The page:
And there was this Roby Brock fella. First met him when I was a capitol reporter in Little Rock for what was then Donrey Media. He was a staffer for Gov. Jim Guy Tucker. He recognized immediately I was in over my head with respect to covering the complex machinations of state government and he helped me not embarrass myself. I left that job to return to Fort Smith to work for the chamber of commerce, and he left the Tucker administration. We stayed in touch. He launched Talk Business (no politics, yet) in June 1999, and I left the chamber in October 2000 to return to the newspaper world with Stephens Media. We reconnected during that time, and developed a content partnership that would prove amazingly fruitful for the young The City Wire.

In June 2012, metastatic breast cancer was back for Patricia. She fought like hell, beating the odds on several occasions. The cancer won in November 2016. But not not before the wedding of her daughter, Amanda, to Mr. Scott Whittenberg. And also not before she supported a merger between The City Wire and Brock’s Talk Business & Politics. The 2015 merger, supported by The City Wire investors Koprovic and Westphal, created a true statewide media platform covering business and political news. News from the state’s four key metro areas – central Arkansas, NWA, Fort Smith metro, and Jonesboro metro – was a daily staple on the newly branded Talk Business & Politics. Traffic grew. Revenue grew.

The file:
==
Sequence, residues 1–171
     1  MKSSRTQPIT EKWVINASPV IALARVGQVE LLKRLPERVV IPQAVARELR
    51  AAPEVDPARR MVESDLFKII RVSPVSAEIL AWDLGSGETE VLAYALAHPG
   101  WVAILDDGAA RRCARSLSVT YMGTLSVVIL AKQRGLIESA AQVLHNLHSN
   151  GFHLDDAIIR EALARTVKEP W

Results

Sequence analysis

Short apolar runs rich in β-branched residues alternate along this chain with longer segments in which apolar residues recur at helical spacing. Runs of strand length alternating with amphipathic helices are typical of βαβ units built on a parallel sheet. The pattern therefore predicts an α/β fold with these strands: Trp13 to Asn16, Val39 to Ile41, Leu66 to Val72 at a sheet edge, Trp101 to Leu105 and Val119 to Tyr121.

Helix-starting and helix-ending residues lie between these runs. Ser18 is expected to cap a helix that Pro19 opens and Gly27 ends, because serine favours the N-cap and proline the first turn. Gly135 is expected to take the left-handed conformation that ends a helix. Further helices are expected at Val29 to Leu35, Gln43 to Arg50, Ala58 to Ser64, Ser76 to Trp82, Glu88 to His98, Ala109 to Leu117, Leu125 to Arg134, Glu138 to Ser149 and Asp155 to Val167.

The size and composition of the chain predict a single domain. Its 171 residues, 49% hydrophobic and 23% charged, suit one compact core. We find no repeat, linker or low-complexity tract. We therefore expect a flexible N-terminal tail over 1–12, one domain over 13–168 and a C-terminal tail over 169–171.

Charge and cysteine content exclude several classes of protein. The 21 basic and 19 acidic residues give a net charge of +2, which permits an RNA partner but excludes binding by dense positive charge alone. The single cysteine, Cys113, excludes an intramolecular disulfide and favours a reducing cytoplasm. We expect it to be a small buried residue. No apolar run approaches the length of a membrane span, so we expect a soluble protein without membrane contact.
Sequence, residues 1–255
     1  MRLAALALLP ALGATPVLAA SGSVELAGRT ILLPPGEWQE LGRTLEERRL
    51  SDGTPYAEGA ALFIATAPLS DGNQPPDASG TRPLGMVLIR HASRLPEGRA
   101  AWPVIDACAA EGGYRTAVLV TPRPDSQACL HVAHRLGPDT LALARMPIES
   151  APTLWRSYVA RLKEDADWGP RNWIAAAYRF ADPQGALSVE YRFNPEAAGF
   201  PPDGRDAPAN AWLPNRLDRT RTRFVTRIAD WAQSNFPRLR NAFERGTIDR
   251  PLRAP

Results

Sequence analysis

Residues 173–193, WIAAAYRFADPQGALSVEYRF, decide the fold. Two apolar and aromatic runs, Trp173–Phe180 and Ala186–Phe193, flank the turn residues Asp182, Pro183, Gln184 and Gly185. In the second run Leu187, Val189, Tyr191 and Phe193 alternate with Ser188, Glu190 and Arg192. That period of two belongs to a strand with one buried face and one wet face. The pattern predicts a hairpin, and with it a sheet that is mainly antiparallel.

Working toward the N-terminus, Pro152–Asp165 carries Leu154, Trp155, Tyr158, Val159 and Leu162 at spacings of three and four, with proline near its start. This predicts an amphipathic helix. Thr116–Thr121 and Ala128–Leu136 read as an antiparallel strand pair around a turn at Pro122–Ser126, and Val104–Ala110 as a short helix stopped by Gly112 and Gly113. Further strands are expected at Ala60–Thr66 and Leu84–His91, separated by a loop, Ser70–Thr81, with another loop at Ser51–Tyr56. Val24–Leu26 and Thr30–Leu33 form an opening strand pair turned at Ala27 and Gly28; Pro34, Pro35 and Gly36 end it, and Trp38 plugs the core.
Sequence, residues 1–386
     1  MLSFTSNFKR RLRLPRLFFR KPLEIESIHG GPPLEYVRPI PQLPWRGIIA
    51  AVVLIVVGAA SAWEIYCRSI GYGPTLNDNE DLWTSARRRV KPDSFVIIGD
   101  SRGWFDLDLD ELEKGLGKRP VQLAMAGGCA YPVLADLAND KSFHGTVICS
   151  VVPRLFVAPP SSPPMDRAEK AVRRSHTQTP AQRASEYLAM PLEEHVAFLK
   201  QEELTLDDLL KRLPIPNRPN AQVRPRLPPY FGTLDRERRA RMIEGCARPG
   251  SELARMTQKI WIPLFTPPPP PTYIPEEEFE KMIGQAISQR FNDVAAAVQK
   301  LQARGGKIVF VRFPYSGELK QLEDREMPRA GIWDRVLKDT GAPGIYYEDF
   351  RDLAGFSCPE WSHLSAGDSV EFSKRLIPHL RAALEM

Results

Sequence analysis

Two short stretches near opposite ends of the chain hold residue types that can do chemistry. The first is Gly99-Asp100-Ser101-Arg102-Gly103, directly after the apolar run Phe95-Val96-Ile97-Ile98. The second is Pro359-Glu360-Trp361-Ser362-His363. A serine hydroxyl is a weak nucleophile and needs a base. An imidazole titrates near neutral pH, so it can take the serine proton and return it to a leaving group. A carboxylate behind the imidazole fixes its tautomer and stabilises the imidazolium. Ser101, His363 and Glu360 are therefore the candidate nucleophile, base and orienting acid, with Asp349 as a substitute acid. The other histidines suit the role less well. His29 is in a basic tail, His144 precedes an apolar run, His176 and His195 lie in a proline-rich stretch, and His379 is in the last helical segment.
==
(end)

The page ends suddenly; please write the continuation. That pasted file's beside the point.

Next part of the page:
And then we were presented with the opportunity to buy the Northwest Arkansas Business Journal. Again, Koprovic and Westphal were there to support this expansion, and the deal was completed in late 2016. Rob Gutteridge and Paul Gatling became important parts of our growth.

In eight years, The City Wire grew from a one-man show to a statewide media platform with more than 15 employees and freelancers. And at the 10-year point, we have television shows in three markets, radio shows, a website that generates hundreds of thousands of pageviews a month, a publication in Northwest Arkansas, a publication in Northeast Arkansas and several other outlets for business and political news.

But we continue to run scared. Or maybe not scared, but aware that how information is dispersed changes often. Our business model is focused primarily on delivering accurate and reliable content, but the method in which we deliver content is never assumed to be static.

Our continued goal is to provide you, Kind Reader, news that is accurate, informative and objective. We’ll make mistakes, but they’ll be honest mistakes. Folks on all sides of the political spectrum often tell us they trust us more than other media outlets. We appreciate that trust, but realize it’s fleeting, and we have to work each day to maintain the trust.

And each day I remind myself that this brand of journalism was never supposed to work.